Pages, with ready blade, were there, Alike for feast and fight prepared,
The mighty meal to carve and share: Battle and banquet both they shared.
O'er capon, heron-shew, and crane, Of late, before each martial clan,
And princely peacock's gilded train, They blew their death-note in the van,
And o'er the boar-head, garnish'd brave, But now, for every merry mate,
And cygnet from St. Mary's wave;? Rose the portcullis' iron grate;
O'er ptarmigan and venison, They sound the pipe, they strike the string,
The priest had spoke his benison. They dance, they revel, and they sing,
Then rose the riot and the din, Till the rude turrets shake and ring.
Above, beneath, without, within !
For, from the lofty balcony,
Rung trumpet, shalm, and psaltery:
Their clanging bowls old warriors quaff'd, The splendour of the spousal rite,
Loudly they spoke, and loudly laugh’d; How muster'd in the chapel fair
Whisper'd young knights, in tone more mild, Both maid and matron, squire and
To ladies fair, and ladies smiled. knight;
The hooded hawks, high perch'd on beam, Me lists not tell of owches rare,
The clamour join'd with whistling scream, Of mantles green, and braided hair,
And flapp'd their wings, and shook their bells, And kirtles furr'd with miniver;
In concert with the stag-hounds' yells. What plumage waved the altar round,
Round go the flasks of ruddy wine, How spurs and ringing chainlets sound;
From Bourdeaux, Orleans, or the Rhine; And hard it were for bard to speak
Their tasks the busy sewers ply, The changeful hue of Margaret's cheek ;
And all is mirth and revelry. I “The Lady of the Lake has nothing so good as the ad 4 See Appendix, Note 3 X. 5 Ibid. Note 3 Y. dress to Scotland."-MACINTOSH.
6 See Appendix, Note 3 Z. 9 The preceding four lines now form the inscription on the 7 There are often flights of wild swans upon St. Mary's monument of Sir Walter Scott in the market-place of Sel- Lake, at the head of the river Yarrow. See Wordsworth's kirk.--See Life, vol. x. p. 257.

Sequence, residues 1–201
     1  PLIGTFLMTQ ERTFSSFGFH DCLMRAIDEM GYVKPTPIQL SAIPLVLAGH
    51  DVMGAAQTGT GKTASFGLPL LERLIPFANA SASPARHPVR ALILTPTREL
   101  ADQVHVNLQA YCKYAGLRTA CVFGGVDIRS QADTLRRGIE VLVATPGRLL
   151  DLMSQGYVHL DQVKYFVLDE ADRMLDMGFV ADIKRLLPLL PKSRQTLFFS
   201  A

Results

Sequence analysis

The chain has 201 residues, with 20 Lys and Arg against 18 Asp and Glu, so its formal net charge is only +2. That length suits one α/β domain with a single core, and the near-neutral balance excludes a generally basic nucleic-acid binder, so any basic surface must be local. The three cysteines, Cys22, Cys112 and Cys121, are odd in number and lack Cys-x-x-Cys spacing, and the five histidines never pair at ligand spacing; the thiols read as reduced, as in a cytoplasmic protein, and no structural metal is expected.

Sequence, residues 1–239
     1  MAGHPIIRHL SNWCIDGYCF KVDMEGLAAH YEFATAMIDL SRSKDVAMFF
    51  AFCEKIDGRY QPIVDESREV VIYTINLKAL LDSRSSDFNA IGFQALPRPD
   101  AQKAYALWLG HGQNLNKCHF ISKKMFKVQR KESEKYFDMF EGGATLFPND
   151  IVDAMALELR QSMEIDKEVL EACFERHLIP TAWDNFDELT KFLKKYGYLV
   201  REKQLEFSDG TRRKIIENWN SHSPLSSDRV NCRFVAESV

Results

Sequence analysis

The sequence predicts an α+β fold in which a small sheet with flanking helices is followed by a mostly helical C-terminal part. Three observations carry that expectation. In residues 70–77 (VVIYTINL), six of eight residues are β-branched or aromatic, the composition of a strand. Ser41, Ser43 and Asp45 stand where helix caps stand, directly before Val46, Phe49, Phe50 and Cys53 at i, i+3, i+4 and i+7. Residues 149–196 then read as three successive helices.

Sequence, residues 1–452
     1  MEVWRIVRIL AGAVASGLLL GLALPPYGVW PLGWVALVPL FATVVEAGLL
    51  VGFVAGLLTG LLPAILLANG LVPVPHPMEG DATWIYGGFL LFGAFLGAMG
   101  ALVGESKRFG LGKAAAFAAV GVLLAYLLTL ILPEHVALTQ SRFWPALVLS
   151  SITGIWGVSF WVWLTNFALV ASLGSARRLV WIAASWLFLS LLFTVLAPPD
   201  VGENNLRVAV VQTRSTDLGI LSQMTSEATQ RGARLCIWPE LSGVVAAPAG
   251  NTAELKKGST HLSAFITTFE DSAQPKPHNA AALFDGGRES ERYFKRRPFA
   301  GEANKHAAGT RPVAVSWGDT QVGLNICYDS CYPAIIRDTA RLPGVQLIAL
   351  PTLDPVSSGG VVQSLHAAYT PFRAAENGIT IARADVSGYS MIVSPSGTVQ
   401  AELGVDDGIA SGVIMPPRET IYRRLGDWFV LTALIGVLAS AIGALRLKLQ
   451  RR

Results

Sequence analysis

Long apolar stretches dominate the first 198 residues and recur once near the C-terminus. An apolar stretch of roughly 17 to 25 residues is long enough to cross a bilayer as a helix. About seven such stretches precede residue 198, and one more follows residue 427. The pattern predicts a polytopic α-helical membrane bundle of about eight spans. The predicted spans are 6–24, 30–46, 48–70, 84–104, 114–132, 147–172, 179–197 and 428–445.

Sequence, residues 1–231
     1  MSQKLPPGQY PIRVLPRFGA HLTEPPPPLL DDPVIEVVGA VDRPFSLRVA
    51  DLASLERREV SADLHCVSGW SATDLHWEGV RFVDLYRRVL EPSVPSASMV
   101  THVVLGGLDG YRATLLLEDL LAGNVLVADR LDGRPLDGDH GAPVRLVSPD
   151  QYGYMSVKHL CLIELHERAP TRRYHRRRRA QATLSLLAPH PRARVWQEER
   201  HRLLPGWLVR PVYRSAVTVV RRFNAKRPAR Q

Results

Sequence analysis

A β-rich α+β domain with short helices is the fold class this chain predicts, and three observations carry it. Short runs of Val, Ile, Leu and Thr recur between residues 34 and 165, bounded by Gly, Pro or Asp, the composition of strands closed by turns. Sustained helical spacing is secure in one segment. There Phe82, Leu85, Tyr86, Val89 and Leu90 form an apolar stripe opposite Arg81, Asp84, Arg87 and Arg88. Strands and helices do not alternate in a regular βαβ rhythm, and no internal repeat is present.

Yarrow Visited. 3 The line " Still lay my head," &c., was not in the first
“ The swan on still St. Mary's Lake edition. ED.
Floats double, swan and sbadow."-ED.
Since old Buccleuch the name did gain,
while blood ran hot and high,
Remember'd him of Tinlinn's yew,
That ever he the arrow drew.
(The sun shines fair on Carlisle wall,8)
See Appendix, Note 4 A.
order; but the goblin page is well introduced, as applying a 2 Ibid. Note 4 B.
torch to this mass of combustibles. Quarrels, highly charac3 The person bearing this redoubtable nom de guerre was teristic of Border manners, both in their cause and the manan Elliot, and resided at Thorleshope, in Liddesdale. He ner in which they are supported, ensue, as well among the occurs in the list of Border riders, in 1597.
lordly guests, as the yoemen assembled in the buttery."* See Appendix, Note 4 C.
Critical Review, 1805. 5 "The appearance and dress of the company assembled in 6 See Appendix, Note 4 D. the chapel, and the description of the subsequent feast, in 7 " It is the author's object, in these songs, to exemplify which the hounds and hawks are not the least important per the different styles of ballad narrative which prevailed in this sonages of the drama, are again happy imitations of those island at diffurent periods, or in different conditions of society. authors from whose rich but unpolished ore Mr. Scott has the first (ALBERT's) is conducted upon the rude and simplo wrought much of his most exquisite imagery and description. model of the old Border dittics, and produces its effect by the A society, such as that assembled in Branxholm Castle, in direct and concise narrative of a tragical occurrence."-JEF flamed with national prejudices, and heated with wine, seems to have contained in itself sufficient seeds of spontaneous dis 8 See Appendix, Note 4 E.